Out Days can actually be attributed to single days, multiple days, or even several hours. Out Days can impact differently depending on your item’s rate of sale, order review frequency, and total replenishment lead-time.
Let’s say you have an item that sells on average one unit per day. For this example, the item can be ordered each Wednesday with a total lead-time of 14 days. If a store sells out on Tuesday and reorders on Wednesday, then your customers will see 15 Out Days across three consecutive weeks. If the forecast was more accurate and the store sold out on the day prior to the receiving, there would only be one Out Day.
Out Days are a great metric on the backside to measure your item’s performance across all stores in a chain or even across all stores serviced by a particular distribution center. Knowing Out Day history in conjunction with forecast error can give your analyst good insight to collaborate with their merchant team partners.
If you’re unsure of what steps to take to get your Out Days in check or if you don’t understand what they’re telling you, click here to get in touch with one of our replenishment supply chain specialists.
4. Your Product Arrived at the Store Damaged
It happens frequently in the busy seasons: items, pallets, and especially feature displays can get so banged up in transit, they’re too hazardous or unsightly to put in front of customers.
Delayed communication now becomes the reality of zero sales. The store employee may inform their supervisor of the issue, but your damaged merchandise isn’t necessarily an emergency at the store level. A store manager may make a note to inform the market manager on the next conference call, or let your local rep know the next time they’re in the store.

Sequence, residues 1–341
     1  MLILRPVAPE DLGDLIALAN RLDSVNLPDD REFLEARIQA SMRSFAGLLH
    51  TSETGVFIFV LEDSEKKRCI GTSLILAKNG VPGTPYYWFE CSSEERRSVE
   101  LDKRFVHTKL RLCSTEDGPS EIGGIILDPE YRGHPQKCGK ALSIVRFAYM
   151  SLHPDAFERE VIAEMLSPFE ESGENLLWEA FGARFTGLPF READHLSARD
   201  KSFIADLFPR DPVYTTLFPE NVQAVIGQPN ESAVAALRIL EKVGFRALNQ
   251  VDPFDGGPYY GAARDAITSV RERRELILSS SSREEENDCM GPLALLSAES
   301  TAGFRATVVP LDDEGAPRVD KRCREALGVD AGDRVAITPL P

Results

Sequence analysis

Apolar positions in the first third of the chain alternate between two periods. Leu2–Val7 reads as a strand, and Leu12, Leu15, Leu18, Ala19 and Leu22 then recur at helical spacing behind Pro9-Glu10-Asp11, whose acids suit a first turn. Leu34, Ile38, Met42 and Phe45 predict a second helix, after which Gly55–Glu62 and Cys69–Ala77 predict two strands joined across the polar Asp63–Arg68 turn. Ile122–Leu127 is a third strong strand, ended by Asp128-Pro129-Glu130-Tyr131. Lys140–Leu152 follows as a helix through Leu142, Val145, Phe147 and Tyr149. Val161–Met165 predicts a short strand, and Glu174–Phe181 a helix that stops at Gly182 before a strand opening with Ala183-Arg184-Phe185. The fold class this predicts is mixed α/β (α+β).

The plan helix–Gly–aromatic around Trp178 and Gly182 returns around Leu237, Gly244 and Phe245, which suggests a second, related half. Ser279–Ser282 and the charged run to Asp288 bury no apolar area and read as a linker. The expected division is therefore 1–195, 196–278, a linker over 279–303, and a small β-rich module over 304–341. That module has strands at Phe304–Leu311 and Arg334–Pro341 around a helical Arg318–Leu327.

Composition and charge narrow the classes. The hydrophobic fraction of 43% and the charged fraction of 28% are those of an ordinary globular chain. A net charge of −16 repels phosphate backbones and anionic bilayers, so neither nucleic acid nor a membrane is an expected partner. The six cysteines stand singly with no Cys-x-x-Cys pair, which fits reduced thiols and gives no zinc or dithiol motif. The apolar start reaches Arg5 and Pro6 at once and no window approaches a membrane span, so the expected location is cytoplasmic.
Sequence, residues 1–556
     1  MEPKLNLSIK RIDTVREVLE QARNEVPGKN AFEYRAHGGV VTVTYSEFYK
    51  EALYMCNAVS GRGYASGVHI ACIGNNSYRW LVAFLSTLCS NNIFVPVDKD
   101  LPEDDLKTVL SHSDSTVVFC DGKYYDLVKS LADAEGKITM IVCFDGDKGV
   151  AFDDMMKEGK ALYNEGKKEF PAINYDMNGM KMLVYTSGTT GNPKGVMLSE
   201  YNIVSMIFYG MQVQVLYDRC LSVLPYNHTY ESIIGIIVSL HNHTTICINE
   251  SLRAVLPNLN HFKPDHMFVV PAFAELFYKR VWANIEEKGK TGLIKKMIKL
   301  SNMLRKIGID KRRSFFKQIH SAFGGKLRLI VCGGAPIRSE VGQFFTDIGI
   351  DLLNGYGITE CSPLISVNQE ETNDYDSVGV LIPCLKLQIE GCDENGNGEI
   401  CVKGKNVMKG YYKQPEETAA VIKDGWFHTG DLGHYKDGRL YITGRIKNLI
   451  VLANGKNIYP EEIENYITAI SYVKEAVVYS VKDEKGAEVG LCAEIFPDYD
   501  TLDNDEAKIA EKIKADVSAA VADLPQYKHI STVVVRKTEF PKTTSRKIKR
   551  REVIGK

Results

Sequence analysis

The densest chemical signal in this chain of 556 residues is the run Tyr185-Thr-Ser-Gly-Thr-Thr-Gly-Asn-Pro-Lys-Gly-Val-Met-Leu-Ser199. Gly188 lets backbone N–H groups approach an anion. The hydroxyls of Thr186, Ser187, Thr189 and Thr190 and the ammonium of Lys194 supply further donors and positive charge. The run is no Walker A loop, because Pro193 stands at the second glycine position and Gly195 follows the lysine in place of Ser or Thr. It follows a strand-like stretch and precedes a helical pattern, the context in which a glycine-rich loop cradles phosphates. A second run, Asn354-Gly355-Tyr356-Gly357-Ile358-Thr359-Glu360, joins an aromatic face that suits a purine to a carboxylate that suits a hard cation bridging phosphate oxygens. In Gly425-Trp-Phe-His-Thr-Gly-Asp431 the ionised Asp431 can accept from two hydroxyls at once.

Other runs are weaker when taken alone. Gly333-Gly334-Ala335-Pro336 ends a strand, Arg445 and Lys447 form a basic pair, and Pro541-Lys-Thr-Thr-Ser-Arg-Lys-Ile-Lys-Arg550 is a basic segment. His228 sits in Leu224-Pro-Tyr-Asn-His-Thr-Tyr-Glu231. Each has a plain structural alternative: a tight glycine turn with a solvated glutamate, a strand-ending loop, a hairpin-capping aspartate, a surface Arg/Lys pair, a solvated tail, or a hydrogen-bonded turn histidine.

Every day that product or display sits in the backroom is a day you lose money and report zero sales. To learn about damage issues fast, make sure you have reps in the stores to verify placement. If you don’t have field representation, ensure your packing instructions have your contact information to call immediately for replacement items in the event they arrive damaged.
5. Your Item Is Traited to the Wrong Stores
The Walmart merchants are working hard to move product. However, stores sometimes get traited incorrectly (usually under the best of intentions). Buyers in any corporate office will never know the local clientele as well as store employees.
Years ago, an 8th & Walton advisor was visiting with a Walmart store manager in Florida. Week after week, the store showed little to zero sales on Florida Gators sports apparel. The buyer back in Arkansas couldn’t understand why and called him.
“I had to explain to him,” the store manager said, “our store was closer to Disney World than the college. We get a lot of tourists buying Disney merchandise, but no interest in the local teams. He understood and took us off the trait.”
In select areas of Florida, a gator just can’t hold a candle to a mouse! Seriously, a map of stores only tells part of the story. Know where your product is being sent, the local customer, and get boots on the ground if possible.